Carlos flung himself out of bed and drove himself to the Night Vale Community Radio Station. When he arrived, there was a crowd around the station, all of them gathered around the door, trying to find someone who had been granted permission to unlock the front doors to bleed on them.   

Carlos noticed, with something close to both annoyance and amusement, that Dana Cardinal, who had been granted access to the station not once but twice, was being pushed back away from the doors by force of circumstance. Carlos, however, was let through immediately.  

“The advantages of being a spouse.”   Carlos mumbles to himself, cutting a finger on one of the sharp edges of the door. It practically breaks open from the sheer number of people pushing themselves through it. Carlos and Dana, who are two of the few people who know where the recording booth  is , make a beeline for where Cecil would, logically, be.  

They find him there, pressed against his desk with his legs pulled up to his chest. He’s crying,  actually sobbing , and Cecil’s always been emotional, but this level of panicked is something he doesn’t get except for in the direst of circumstances. Cecil slams his head into his desk backwards, and the noise it makes is soul-rending.  

Carlos is at Cecil’s side in an instant, pulling him away from the desk and holding him as he shakes. Dana stands awkwardly in the doorway, suddenly caught between trying to help and not wanting to intrude. Then she’s gone, off running down the hallway. She points the others in the wrong direction while Carlos and Cecil sit in the recording booth.   

After around half an hour, while Cecil lays sniffling in Carlos’ lap, Carlos again asks a question he has yet to get an answer to.   

“What’s wrong?”  

Cecil curls up again, and his grip on his husband’s mess of curls tightens. He gives a plaintive cough and stutters something that Carlos can’t make out. It wouldn’t be worrying if Cecil weren’t cursed with near-perfect annunciation and speaking ability (cursed in the manner that even when he tried to hide snarky marks in the form of coughs  or whispers , it was still incredibly obvious what he was trying to say).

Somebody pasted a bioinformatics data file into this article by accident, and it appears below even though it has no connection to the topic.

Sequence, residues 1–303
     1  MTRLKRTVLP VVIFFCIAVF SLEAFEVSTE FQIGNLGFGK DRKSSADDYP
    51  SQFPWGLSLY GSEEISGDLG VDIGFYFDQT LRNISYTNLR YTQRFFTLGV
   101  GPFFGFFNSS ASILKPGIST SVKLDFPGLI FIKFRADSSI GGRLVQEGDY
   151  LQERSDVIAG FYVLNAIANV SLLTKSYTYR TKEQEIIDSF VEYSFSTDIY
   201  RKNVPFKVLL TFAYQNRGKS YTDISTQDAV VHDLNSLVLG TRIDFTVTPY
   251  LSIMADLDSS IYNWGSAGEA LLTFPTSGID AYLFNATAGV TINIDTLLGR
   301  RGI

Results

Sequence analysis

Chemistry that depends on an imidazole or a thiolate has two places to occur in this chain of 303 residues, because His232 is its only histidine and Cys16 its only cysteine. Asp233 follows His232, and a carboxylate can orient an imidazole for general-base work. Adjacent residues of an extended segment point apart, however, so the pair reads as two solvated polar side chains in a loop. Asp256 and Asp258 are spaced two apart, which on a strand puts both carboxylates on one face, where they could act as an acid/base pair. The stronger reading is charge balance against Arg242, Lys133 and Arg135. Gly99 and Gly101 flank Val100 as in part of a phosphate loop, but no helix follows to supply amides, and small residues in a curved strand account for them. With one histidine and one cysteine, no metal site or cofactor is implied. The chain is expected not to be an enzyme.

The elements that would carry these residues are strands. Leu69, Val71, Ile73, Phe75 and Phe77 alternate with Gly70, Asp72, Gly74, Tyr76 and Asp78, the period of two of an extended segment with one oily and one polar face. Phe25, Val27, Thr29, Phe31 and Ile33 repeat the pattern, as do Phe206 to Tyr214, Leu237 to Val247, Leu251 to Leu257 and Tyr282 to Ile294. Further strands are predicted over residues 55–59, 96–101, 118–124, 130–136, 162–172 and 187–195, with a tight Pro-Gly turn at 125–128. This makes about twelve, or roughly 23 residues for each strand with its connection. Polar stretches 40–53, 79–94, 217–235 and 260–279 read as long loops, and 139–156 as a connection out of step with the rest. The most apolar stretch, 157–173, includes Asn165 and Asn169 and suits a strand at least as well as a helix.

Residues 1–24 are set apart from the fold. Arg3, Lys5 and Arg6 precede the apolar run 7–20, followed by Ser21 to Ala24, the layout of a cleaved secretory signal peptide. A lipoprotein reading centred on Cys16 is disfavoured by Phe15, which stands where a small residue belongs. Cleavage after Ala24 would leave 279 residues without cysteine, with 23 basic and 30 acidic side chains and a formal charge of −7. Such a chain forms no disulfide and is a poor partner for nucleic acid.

“Cecil, sweetie, it’s going to be okay, you just have to tell me what happened.”  

“’M not-,” Cecil chokes.  

“Not what, munchkin?” Carlos asks, pulling his husband up into a sitting position next to him.  

“The Voice.” he mumbles.  

“The voice...,” Carlos pauses, and it hits him. “The Voice of Night Vale?”  

Cecil makes a small “mm-hm,” noise, nods and starts to slouch back into Carlos’s lap.   

“’M sorry.”  

“Imperfect heavens, Cecil - you haven’t done anything wrong, what are you sorry for?”  

“I don’t know, I don’t know, I just- I must’ve, right? I must’ve done  something-,”  

Munchkin,  come on. It’s going to be okay. Just...calm down, okay?”  

Cecil takes a deep, shuddering breath. “Okay.”  

“Come on, sweetie. Let’s go home.” Carlos says, standing and holding out a hand.   

Cecil nods, taking it and pulling himself up. Once Carlos gets into a windowed room, he realizes by the darkness of the night that more time has passed than he originally assumed. Then, this is Night Vale. Time is weird. He notes this to Cecil, and his husband gives a weak laugh.   

The drive home is quiet, and Carlos grins as the increasing number of comments from Cecil.  

Official Voice of Night Vale  Cecil Gershwin Palmer  was no longer, but he was still, fundamentally, the same talkative town gossip.